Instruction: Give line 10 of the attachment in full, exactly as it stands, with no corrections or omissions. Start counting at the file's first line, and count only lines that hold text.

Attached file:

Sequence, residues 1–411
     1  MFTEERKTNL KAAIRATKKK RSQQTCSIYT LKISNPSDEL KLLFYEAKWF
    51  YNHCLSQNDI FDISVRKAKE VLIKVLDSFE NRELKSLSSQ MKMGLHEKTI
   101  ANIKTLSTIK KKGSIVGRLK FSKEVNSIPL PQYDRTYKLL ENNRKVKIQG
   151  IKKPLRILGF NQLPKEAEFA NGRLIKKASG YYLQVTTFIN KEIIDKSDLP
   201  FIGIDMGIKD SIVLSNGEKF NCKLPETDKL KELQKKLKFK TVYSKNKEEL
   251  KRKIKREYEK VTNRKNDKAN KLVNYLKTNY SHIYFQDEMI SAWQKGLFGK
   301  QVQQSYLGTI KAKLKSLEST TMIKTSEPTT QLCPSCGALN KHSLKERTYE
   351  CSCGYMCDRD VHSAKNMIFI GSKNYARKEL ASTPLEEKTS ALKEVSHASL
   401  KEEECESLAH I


   401  KEEECESLAH I